Open access peer-reviewed chapter

Resistivity and Induced Polarization Application for Urban Waste Disposal Site Studies

Written By

Andréa Ustra and Vagner R. Elis

Submitted: August 26th, 2018 Reviewed: August 30th, 2018 Published: December 31st, 2018

DOI: 10.5772/intechopen.81225

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Environmental impacts caused by urban and industrial waste disposal are one of the greatest worldwide concerns, since contaminants may migrate to the local environment and contaminate soils and groundwater. Geophysical investigations have been widely used in environmental investigations of waste disposal contaminated sites, not only imaging the affected area but also evaluating the evolution of contamination plume in a timeframe. Geophysical studies in contaminated sites consist of detecting and mapping the area affected by a contamination source and providing information related to the groundwater flow and depth of saturated zone and bedrock. Particularly, electrical methods, such as resistivity and induced polarization, can identify the presence of contaminant and help to map and delineate the contaminated area and provide information related to contaminant mobilization and attenuation. Therefore, these methods are a powerful tool for noninvasive long-term monitoring of waste disposal contaminated sites. In this chapter, we will show case studies conducted in Brazil, over different types of municipal waste disposal sites.


  • waste disposal sites
  • landfills
  • contamination plume
  • resistivity imaging
  • induced polarization

1. Introduction

One of the greatest worldwide concerns is related to the increase and destination of waste volume produced by world’s population. Waste disposal imposes a serious risk of contamination of groundwater by the migration of contaminants from the waste site to the local environment. To protect the environment from this type of contamination, waste disposal sites must follow regulation standards.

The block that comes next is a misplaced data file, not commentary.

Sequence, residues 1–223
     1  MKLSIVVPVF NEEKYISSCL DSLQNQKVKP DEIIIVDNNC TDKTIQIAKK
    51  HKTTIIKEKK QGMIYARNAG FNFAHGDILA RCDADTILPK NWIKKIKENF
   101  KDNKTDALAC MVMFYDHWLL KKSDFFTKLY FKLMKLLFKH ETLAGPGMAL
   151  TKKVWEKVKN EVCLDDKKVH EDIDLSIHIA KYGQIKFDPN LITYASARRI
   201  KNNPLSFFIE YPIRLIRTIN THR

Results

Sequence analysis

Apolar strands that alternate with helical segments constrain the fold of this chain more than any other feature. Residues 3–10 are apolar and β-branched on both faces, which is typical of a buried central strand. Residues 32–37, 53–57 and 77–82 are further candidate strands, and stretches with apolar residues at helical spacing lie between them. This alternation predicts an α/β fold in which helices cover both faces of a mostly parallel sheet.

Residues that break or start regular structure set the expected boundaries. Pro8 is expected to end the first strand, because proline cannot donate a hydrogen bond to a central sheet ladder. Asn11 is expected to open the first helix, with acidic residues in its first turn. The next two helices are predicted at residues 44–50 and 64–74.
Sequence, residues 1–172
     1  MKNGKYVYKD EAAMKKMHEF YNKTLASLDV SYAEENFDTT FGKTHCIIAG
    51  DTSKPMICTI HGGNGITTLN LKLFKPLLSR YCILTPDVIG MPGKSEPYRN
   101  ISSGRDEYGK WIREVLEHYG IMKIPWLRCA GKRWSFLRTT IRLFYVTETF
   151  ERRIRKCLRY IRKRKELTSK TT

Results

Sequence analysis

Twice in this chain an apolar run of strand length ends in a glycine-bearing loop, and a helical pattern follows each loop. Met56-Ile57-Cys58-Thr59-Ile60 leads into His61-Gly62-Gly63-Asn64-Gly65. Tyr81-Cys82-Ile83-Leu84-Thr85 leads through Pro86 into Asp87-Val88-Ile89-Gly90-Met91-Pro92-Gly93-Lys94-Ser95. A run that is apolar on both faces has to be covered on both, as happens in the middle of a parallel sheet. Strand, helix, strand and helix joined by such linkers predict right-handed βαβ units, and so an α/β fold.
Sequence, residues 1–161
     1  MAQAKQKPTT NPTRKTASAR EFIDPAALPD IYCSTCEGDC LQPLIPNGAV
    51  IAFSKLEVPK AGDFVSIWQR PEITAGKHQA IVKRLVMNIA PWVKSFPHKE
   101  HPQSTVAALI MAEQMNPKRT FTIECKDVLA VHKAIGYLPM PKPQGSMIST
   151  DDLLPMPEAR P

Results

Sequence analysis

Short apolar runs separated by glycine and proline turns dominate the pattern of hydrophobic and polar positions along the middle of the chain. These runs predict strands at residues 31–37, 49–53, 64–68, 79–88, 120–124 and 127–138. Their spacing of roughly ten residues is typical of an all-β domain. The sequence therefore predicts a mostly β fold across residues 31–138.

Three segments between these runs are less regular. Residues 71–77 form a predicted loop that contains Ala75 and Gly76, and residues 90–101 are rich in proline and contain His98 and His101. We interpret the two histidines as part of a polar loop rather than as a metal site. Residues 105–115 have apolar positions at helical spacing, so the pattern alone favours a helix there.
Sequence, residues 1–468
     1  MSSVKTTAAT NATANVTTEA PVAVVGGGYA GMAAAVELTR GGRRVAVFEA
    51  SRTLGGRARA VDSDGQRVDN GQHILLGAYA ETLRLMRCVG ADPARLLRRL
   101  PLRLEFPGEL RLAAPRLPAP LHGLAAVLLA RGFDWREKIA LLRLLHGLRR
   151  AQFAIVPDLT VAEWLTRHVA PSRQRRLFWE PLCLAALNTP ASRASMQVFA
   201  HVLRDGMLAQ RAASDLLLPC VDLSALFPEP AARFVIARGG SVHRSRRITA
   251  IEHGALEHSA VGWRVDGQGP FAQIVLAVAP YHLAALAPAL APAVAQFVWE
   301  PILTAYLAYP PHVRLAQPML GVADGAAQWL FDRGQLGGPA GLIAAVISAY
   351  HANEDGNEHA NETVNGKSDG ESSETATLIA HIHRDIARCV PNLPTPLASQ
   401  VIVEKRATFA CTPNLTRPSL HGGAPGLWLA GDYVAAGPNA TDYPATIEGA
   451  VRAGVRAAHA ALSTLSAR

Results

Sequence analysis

Modern landfill facilities are specially engineered for the disposal of solid waste. They operate to ensure protection of the environment from groundwater contamination and landfill gas produced by residue degradation. Municipal solid waste (MSW) landfills are areas properly prepared to receive household waste, as well as other types of nonhazardous wastes. Ideally, MSW landfill projects should ensure that landfills: are built in suitable geological areas away from faults, wetlands, flood plains or other restricted areas; include flexible membranes (i.e., geomembrane) overlaying compacted clay soil lining the bottom and sides; collect leachate (formed when rain water filters through wastes) for treatment and disposal; and operate according with standard practices (compacting and covering waste frequently with soil) [1].

However, inadequate waste disposal activities were a frequent routine in many developing countries until recent years. The direct disposal of residues on the ground, without any selection of waste types and without any protection to avoid soil and groundwater contamination, had been a common practice for decades. Inactivated waste disposal sites can continue to contaminate the groundwater, especially when they are located in hydrological vulnerable areas.

Contamination plumes are formed when leachate reaches the local water table and contaminating the groundwater. Figure 1 illustrates the formation of a contamination plume. Contaminants are diluted into groundwater and are carried through hydrodynamic dispersion along with the groundwater flow.

Figure 1.

Contamination plume formed by waste disposal site leachate.